where μ is the blood viscosity, Q is the flow velocity and d is the diameter of abdominal aorta.

Measurement of body weight (BW), heart rate (HR) and systolic blood pressure (SBP)

BW, HR and SBP were measured at the beginning, 20th, 40th and 60th days of the experiment when all animals were in conscious conditions. SBP was measured in all rats using tail-cuff method.17 Ambient temperature was maintained at 30°C. Before the measurement, the rats were trained to adapt themselves to the restraining cages and tail-cuff apparatus for the standard non-invasive tail-cuff.

Echocardiography measurement

Transthoracic echocardiography was performed with the use of a high-resolution echocardiographic system (Sequoia 512; Acuson, Siemens, Germany) equipped with a 14-MHz linear transducer (17L5 probe; Acuson). The transducer was located overlying the chest to produce the optimal parasternal short axis two-dimensional images. A parasternal short-axis M-mode image at the papillary muscle level was acquired to measure the left ventricular end-systolic diameter (LVESD) and left ventricular end-diastolic diameter (LVEDD), left ventricular end-systolic posterior wall thickness (LVPWS) and left ventricular end-systolic posterior wall-depth (LVPWD). Left ventricular systolic function was also assessed from these measurements by calculating the left ventricle fractional shortening (LVFS) and the left ventricle ejection fraction (LVEF). LVFS and LVEF were calculated as follows:

The LV volume was calculated by the formula of Teichholz:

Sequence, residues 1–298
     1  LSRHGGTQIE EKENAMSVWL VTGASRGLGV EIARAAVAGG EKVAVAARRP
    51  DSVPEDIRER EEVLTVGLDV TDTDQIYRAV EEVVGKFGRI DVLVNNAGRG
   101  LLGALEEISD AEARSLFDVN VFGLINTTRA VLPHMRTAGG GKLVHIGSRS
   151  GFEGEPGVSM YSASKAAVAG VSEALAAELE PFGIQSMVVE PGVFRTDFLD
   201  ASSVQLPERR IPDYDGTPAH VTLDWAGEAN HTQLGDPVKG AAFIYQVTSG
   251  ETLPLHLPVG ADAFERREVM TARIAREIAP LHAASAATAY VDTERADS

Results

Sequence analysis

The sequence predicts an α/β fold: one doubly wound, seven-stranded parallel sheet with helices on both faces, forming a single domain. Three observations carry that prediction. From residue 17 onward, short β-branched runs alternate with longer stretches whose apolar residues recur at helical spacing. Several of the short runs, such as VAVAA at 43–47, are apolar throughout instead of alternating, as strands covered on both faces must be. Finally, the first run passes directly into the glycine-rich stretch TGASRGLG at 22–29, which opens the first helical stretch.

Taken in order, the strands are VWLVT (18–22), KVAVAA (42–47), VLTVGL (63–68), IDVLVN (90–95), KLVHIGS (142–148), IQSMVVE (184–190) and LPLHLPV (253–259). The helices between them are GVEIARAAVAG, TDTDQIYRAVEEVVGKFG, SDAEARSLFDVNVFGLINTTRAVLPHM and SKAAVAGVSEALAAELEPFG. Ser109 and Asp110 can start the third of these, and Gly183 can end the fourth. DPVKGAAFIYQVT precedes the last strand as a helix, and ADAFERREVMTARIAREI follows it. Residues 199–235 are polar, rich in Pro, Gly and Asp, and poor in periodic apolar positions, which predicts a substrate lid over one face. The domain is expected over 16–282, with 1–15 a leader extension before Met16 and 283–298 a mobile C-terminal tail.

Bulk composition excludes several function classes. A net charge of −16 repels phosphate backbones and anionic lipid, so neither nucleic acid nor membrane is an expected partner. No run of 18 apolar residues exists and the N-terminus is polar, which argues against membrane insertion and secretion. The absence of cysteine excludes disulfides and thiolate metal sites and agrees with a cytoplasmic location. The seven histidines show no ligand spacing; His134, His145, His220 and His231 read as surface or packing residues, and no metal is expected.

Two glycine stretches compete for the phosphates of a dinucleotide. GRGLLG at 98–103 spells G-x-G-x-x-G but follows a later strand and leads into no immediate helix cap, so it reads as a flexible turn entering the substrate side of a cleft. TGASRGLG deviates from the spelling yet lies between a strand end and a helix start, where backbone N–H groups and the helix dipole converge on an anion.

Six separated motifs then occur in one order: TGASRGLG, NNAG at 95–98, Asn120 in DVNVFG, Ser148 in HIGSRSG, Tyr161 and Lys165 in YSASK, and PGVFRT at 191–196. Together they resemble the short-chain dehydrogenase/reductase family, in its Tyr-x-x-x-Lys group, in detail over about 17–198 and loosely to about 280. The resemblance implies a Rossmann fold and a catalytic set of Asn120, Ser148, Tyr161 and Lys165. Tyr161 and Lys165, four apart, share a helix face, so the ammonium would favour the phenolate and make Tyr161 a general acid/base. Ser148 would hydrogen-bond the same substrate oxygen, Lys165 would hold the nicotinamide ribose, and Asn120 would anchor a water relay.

V = [7/(2.4 + D)] × D3

where V is the LV volume and D is the LV dimension.18

Measurement of plasma and myocardial endothelin (ET) level

Both plasma and homogenated myocardial ET levels were measured by using an ELISA kit (Biocalvin, Catalog No EIA-3600, Shanghai, People’s Republic of China) according to the manufacturer’s instructions.

Histological assessment

LV and thoracic aorta were fixed in 10% formalin, dehydrated, and then embedded in paraffin. Subsequently, 4 μm thick sections were cut and stained with hematoxylin and eosin or Masson’s trichrome. The cross-sectional areas (CSAs) of cardiomyocytes and collagen volume fraction in left ventricle (LVCVF) were quantified from each group. The medial thickness of thoracic aorta was quantified from each group. All image analysis was performed in a blind manner using Image-Pro Plus (version 6.0; Media Cybernetics, Rockville, MD, USA).

RNA extraction and quantitative reverse transcription polymerase chain reaction (qRT-PCR) analysis

Total RNA was isolated from snap-frozen LV samples with RNAiso Plus (TaKaRa, Dalian, People’s Republic of China), and RNA was subjected to reverse transcription reaction using the PrimeScript reverse transcription reagent kit (DRR037A; TaKaRa) according to the manufacturer’s protocols. Quantitative analysis of the change in expression levels was performed using SYBR Premix Ex Taq (DRR041A; TaKaRa) at ABI 7500 (Thermo Fisher Scientific, Waltham, MA, USA). Primers for ET-1 and β-actin were constructed with the help of ShengGong Bio-Tech Co. (Shanghai, People’s Republic of China). The primer sequences for polymerase chain reaction (PCR) were as follows: ET-1, 5′-CTGGACATCATCTGGGTCAA-3′ and 5′-CTGTTCCCTTGGTCTGTGGT-3′, 122 bp and β-actin, 5′-TGTCACCAACTGGGACGATA-3′ and 5′-GGGGTGTTGAAGGTCTCAAA-3′, 165 bp.

The alteration in mRNA expression in rats treated with DRPs or NS was assessed by the 2−ΔΔCt method.

Statistical analysis

Values are expressed as mean ± standard error of the mean (SEM). Statistical significance between multiple groups was determined by using one-way analysis of variance (ANOVA), followed by the Bonferroni’s multiple comparison test for comparisons between groups. P<0.05 was considered to be a statistically significant difference.

Results

BW, HR and SBPs